- R&D and technological expertise which is among the best in the world thanks to the quality of engineering training in France (mastery of systems design and production, design offices, tests, assembly lines).
- Integration within a European consortium with international partnerships and added value resulting from the blending of industrial cultures.
- An efficient, well-structured national sector built around a limited number of aircraft manufacturers (Airbus, Dassault, Eurocopter), engine makers (Snecma and Turbomeca, belonging to the Safran Group), equipment manufacturers that supply complete sub-assemblies (Safran, Zodiac Aerospace, Thales, etc.) and major Tier-1 sub-contractors (Latécoère, etc.): Cf.:Strategic Committee for the Aeronautical Sector, July 2014.
However, a certain number of challenges lie ahead for the French aeronautical industry.
1- Asia accounts for an increasingly large part of the global air-transport market and a new manufacturer could enter the market to compete with the two powerhouses, namely Airbus and Boeing. Airbus forecasts that passenger traffic in China will exceed that of the United States within 20 years and China aims to take a share of the aeronautical sector. To develop its sales in China, Airbus decided to increase its purchases of Chinese components and to set up an A320 assembly plant in the country.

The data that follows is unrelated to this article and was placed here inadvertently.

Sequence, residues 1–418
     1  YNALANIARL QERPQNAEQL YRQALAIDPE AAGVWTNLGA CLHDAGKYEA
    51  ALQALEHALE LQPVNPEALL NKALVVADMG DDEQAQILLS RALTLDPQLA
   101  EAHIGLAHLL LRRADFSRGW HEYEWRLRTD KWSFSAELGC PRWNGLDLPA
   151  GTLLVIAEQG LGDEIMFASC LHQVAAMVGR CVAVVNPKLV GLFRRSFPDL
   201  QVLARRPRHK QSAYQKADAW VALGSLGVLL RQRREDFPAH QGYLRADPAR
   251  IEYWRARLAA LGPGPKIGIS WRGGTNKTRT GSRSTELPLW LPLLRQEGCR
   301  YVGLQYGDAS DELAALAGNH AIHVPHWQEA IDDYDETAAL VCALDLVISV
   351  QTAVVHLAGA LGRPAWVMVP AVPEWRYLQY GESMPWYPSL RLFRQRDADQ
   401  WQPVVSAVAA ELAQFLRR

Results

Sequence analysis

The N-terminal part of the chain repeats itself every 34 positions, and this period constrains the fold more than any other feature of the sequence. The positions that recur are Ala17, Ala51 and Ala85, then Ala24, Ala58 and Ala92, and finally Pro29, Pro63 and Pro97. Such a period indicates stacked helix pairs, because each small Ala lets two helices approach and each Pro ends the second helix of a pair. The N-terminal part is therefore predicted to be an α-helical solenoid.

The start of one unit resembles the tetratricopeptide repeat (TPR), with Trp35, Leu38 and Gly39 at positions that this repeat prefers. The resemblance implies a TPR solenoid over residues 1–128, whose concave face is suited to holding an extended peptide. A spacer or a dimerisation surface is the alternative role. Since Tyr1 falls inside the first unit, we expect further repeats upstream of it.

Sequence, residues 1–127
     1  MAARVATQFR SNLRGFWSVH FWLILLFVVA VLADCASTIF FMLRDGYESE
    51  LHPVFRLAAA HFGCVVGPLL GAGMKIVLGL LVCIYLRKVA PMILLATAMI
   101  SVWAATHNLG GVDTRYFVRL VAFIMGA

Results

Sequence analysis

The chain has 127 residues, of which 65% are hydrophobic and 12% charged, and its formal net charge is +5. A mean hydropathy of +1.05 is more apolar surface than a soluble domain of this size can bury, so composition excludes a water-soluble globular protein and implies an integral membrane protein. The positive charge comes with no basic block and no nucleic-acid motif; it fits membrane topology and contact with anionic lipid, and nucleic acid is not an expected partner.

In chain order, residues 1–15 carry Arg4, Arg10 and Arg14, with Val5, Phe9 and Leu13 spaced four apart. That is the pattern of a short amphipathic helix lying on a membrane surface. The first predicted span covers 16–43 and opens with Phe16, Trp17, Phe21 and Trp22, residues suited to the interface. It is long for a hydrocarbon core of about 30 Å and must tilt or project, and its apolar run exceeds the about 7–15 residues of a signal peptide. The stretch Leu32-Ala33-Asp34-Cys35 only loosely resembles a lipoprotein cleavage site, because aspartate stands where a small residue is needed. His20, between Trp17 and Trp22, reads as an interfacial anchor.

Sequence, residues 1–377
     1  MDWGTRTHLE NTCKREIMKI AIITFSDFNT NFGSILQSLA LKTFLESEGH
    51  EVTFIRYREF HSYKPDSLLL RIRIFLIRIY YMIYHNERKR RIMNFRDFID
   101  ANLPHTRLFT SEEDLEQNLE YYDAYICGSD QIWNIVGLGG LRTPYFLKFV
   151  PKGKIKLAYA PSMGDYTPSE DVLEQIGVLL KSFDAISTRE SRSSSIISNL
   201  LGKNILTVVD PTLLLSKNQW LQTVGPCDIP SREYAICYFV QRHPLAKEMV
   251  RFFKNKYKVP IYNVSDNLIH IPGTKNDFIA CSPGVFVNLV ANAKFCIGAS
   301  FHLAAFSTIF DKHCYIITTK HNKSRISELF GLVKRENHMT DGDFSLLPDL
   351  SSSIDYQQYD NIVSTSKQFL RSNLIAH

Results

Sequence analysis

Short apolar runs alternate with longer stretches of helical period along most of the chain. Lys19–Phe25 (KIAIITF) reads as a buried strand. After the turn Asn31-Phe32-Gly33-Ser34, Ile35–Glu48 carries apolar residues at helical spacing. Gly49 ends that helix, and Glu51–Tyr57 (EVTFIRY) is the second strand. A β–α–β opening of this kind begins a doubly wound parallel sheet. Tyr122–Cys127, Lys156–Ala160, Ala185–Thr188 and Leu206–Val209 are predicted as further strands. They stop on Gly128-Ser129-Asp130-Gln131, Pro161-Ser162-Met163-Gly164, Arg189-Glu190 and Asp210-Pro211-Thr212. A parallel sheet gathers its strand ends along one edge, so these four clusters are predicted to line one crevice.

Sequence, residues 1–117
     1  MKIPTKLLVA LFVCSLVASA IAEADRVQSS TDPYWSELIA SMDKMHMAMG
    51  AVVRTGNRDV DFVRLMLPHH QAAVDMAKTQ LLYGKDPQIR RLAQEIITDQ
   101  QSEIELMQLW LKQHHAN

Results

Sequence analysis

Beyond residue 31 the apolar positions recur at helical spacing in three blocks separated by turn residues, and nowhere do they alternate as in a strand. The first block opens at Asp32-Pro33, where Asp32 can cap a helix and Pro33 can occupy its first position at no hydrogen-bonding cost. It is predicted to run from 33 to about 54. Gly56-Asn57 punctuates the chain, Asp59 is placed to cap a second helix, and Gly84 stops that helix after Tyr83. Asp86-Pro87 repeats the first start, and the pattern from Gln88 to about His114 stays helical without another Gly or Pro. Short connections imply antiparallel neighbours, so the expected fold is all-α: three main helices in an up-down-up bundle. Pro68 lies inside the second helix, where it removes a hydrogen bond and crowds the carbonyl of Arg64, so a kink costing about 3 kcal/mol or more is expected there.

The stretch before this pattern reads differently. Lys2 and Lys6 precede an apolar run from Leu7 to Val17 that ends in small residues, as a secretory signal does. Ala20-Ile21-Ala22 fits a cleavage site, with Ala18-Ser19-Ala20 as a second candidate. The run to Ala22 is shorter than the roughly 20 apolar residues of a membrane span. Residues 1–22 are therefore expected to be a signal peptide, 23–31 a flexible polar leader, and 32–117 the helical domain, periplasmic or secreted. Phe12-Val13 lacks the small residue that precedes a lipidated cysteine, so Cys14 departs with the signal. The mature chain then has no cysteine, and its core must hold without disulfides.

2- France plays a pivotal assembly role in Europe. The country imports parts and aeronautical equipment, essentially from Europe (foreign trade deficit) and exports complete aircraft (large foreign trade surplus). Complete aircraft account for over two thirds of French aeronautical exports. Delocalising the assembly of Airbus aircraft therefore has a negative impact on France’s balance of trade. At the same time, Germany is taking an increasingly important position in the European aeronautical sector, with a growing number of A320s being assembled on the site in Hamburg. This is Airbus’s best-selling aircraft, already assembled on several sites, in Toulouse, Hamburg, Tianjin (China) and, since 2015, in Mobile (USA).